George Fenton is one of the United Kingdom's most successful
film composers. But for fans of the Dallas Symphony Orchestra, he
is perhaps best known as the composer of the ground-breaking,
breathtaking television nature documentaries Blue Planet and Planet Earth.
Fenton conducted his live concert versions of the documentaries
Blue Planet Live and Planet Earth Live with the
DSO at the Meyerson in July, 2008 and June, 2010, respectively.
These extraordinary concerts combined projected HD imagery of
animals in nature with Fenton's majestic soundtrack performed live
by the DSO.
Fenton will perform his latest documentary concert sensation, Frozen Planet in
Concert, August 31-September 1 with the DSO. The format is
the same as Blue Planet Live and Planet Earth
Live, but Fenton says Frozen Planet in Concert is
"the most remarkable" of the trilogy.
Buy tickets NOW to Frozen Planet in Concert >>
"The detail of what you see, and the interconnected stories that
you see in the Frozen Planet, are probably unprecedented
in natural history filmmaking," Fenton says.
The Los Angeles Times agreed. Reviewing the world premiere
performance of Frozen Planet in Concert on July 6 with
Fenton conducting the Los Angeles Philharmonic at the Hollywood
Bowl, reviewer Mary McNamara called the show "breathtaking and
revelatory, filled with unparalleled imagery from the ends of the
Earth," a concert event of "pure visual and audio art" which
offered "a completely different way of 'watching' television."
She also reported the many children in the audience delighted in
watching the scenes featuring penguins.
I spoke with Fenton by phone on July 26 from his home in London,
where he and the rest of the city were anticipating the Opening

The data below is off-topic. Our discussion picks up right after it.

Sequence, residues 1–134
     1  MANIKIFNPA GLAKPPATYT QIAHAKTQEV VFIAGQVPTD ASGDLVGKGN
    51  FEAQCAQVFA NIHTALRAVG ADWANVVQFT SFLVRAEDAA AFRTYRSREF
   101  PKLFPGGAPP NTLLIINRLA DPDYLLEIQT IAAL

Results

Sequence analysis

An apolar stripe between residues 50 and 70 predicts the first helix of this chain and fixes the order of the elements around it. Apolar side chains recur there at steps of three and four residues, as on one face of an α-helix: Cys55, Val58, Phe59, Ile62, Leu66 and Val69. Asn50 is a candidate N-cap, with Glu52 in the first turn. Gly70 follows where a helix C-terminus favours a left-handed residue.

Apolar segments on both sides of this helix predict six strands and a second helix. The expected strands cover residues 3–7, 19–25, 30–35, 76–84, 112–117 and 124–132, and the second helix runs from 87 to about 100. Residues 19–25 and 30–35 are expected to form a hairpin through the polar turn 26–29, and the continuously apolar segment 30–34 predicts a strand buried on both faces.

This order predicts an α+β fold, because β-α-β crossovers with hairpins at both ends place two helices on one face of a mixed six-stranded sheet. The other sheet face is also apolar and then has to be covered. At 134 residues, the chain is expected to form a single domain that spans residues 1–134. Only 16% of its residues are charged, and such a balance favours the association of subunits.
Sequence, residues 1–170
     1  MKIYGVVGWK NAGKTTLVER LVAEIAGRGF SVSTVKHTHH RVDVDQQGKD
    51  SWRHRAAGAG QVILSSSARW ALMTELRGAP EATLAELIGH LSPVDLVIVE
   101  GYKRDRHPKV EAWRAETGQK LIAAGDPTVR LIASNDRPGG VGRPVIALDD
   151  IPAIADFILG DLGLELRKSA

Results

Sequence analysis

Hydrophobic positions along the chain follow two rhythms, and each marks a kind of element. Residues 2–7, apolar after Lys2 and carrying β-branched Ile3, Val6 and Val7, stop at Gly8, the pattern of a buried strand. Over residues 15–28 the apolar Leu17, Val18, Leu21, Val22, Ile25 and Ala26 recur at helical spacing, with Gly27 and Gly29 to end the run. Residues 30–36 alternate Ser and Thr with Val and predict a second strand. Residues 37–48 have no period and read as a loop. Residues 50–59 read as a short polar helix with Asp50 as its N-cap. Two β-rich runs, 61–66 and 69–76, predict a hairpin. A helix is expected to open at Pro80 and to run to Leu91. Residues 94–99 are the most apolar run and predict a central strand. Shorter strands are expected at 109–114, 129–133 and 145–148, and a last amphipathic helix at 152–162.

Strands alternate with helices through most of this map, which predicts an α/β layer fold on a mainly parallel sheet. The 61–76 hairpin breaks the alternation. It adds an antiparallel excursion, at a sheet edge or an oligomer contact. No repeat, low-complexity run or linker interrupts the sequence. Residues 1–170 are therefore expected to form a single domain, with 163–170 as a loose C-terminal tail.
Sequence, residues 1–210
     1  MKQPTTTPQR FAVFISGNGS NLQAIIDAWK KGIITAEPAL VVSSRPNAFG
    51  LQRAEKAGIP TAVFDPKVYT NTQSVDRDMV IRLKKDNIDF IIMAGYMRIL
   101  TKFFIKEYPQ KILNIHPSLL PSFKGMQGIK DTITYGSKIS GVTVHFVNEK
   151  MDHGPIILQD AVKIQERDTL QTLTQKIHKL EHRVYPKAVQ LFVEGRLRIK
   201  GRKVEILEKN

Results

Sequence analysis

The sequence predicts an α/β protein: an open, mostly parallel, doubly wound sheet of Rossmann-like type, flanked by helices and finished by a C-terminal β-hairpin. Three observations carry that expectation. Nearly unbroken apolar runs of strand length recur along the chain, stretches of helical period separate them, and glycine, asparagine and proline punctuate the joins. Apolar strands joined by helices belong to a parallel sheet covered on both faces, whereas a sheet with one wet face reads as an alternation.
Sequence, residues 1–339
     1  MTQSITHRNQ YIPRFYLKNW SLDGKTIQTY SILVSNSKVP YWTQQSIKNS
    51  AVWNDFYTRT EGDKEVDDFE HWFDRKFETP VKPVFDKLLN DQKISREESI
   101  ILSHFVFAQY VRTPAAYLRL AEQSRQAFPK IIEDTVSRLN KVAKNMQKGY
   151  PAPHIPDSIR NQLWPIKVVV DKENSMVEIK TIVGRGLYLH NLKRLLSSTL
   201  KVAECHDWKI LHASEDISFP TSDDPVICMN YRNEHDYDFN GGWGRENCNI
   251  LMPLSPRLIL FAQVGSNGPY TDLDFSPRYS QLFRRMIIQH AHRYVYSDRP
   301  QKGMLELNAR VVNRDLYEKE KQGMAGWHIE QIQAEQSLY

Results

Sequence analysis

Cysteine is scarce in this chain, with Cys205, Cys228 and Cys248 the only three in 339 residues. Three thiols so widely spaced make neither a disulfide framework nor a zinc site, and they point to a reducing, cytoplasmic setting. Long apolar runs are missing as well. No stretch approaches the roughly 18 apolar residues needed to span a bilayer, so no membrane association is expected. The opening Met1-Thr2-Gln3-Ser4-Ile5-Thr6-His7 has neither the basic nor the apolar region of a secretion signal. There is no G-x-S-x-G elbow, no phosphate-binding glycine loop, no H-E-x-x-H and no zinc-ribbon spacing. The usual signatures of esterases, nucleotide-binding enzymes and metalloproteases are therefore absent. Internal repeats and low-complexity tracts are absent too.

Ceremonies of the Olympic Games. Here's the first of three
installments of our conversation. We discussed Frozen Planet in
Concert, his great affection for the Dallas Symphony, and - of
course! - penguins and Polar bears!
At the world premiere of Frozen Planet in
Concert in July at the Hollywood Bowl, the Los Angeles Times
praised the concert as a "dazzling pleasure," "pure visual and
audio art," and "breathtaking and revelatory." So, I guess the
concert went OK?
It went really really well and got fantastic response and also
wonderful reviews. We had big crowds.
Frozen Planet being quite new, I was surprised we got such
big crowds and such a good reaction.
This concert seems a natural fit for those who loved the
Planet Earth and Blue Planet concerts, which you
conducted with the Dallas Symphony Orchestra over the past few
It is the last part of this trilogy, and in a way the most
remarkable part. This is a world that is changing so fast now, that
really the Frozen Planet may be the last time people see
the Polar Regions as they are now.
People are familiar with penguins and with the polar bear and
all of that. What makes this really great is that the filmmakers
have applied the same kind of rigor and time and investment into
this as they did into the other two documentaries. So the detail of
what you see, and the interconnected stories that you see in the
Frozen Planet, are probably unprecedented in natural
When you presented a concert of your film music with the
DSO back in February, 2011, you premiered From a Disappearing
World, inspired by a trek you took across the Arctic ice.